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J Gerontol A Biol Sci Med Sci. 2015 Nov;70(11):1448-53. doi: 10.1093/gerona/glv124. Epub 2015 Aug 26.

Medicare Utilization and Expenditures Around Incident Dementia in a Multiethnic Cohort.

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Department of Geriatrics and Palliative Medicine, Icahn School of Medicine at Mount Sinai, New York, New York. James J Peters VA Medical Center, Bronx, New York.
Cognitive Neuroscience Division of the Gertrude H. Sergievsky Center, Taub Institute for Research on Alzheimer's Disease and the Aging Brain, New York, New York. Department of Neurology, Columbia University Medical Center, New York, New York.
The Samuel Bronfman Department of Medicine, Division of General Internal Medicine, Icahn School of Medicine at Mount Sinai, New York, New York.
Department of Biostatistics, Mailman School of Public Health, Columbia University, New York, New York.



Few studies have examined patterns of health care utilization and costs during the period around incident dementia.


Participants were drawn from the Washington Heights-Inwood Columbia Aging Project, a multiethnic, population-based, prospective study of cognitive aging of Medicare beneficiaries in a geographically defined area of northern Manhattan. Medicare utilization and expenditure were examined in individuals with clinically diagnosed dementia from 2 years before until 2 years after the initial diagnosis. A sample of non-demented individuals who were matched on socio-demographic and clinical characteristics at study enrollment was used as controls. Multivariable regression analysis estimated effects on Medicare utilization and expenditures associated with incident dementia.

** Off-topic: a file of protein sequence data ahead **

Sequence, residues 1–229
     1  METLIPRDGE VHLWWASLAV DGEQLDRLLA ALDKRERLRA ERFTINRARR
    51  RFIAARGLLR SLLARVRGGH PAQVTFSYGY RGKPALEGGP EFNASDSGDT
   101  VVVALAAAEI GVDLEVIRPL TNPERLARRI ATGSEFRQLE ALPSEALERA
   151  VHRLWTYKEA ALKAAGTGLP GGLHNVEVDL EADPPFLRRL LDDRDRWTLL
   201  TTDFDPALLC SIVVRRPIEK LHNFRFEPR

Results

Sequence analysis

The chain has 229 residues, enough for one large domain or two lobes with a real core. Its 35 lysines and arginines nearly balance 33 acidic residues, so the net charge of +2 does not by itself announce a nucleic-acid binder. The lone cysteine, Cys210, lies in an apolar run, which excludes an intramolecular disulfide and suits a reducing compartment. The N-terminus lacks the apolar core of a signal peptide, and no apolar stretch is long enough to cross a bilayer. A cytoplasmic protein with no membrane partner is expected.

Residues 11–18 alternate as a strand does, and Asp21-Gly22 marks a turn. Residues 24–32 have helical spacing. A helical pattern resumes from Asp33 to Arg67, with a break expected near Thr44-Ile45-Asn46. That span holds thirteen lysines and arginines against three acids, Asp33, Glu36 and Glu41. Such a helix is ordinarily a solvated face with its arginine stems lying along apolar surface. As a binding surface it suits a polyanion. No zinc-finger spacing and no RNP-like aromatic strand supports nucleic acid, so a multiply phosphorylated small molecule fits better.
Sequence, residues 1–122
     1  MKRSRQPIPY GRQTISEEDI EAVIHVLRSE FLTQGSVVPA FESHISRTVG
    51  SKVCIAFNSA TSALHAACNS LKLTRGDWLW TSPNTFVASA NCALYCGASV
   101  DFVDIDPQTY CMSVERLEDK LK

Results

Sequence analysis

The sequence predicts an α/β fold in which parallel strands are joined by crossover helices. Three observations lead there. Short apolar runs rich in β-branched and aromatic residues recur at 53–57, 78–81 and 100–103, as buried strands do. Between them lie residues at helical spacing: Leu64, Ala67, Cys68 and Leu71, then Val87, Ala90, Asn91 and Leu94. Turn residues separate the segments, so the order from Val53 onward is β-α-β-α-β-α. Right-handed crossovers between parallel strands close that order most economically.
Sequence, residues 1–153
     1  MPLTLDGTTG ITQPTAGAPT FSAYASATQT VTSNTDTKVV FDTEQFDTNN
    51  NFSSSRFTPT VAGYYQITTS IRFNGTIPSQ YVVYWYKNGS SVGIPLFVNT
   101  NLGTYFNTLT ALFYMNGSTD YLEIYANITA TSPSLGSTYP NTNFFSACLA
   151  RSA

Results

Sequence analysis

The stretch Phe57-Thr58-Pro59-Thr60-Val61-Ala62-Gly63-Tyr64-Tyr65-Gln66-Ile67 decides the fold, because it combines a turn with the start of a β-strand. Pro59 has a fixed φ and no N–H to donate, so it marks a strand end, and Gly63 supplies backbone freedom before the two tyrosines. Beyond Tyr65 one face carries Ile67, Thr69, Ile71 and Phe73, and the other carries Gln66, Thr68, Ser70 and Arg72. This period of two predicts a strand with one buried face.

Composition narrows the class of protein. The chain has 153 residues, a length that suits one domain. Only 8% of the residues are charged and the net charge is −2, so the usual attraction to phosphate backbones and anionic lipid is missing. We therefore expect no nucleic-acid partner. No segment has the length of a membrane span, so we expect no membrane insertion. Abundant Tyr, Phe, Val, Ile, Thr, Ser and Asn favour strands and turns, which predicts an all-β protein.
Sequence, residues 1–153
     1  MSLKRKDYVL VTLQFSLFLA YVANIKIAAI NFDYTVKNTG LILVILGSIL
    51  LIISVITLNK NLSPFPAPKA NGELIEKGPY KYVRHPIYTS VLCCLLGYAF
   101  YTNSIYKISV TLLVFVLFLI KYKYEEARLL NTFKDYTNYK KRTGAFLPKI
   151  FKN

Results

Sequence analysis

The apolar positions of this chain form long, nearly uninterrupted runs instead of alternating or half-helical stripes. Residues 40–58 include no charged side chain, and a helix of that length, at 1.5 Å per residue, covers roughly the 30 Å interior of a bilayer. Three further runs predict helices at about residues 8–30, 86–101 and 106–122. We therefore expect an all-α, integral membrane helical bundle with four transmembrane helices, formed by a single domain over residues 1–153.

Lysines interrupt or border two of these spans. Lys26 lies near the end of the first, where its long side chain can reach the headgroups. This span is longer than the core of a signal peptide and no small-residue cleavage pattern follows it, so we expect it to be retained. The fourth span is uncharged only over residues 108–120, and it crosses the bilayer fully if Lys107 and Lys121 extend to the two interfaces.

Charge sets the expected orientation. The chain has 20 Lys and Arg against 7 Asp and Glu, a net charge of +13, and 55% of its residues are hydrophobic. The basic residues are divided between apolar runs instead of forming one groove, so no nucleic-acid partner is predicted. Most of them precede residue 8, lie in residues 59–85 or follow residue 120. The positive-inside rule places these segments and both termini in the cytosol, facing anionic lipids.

During the 2 years before incident dementia, rates of inpatient admissions and outpatient visits were similar between dementia patients and non-demented controls, but use of home health and skilled nursing care and durable medical equipment were already higher in dementia patients. Results showed a small but significant excess increase associated with incident dementia in inpatient admissions but not in other areas of care. In the 2 years before incident dementia, total Medicare expenditures were already higher in dementia patients than in non-demented controls. But we found no excess increases in Medicare expenditures associated with incident dementia.


Demand for medical care already is increasing and costs are higher at the time of incident dementia. There was a small but significant excess risk of inpatient admission associated with incident dementia.


Health care expenditures; Health care use; Incident dementia; Longitudinal follow-up; Medicare

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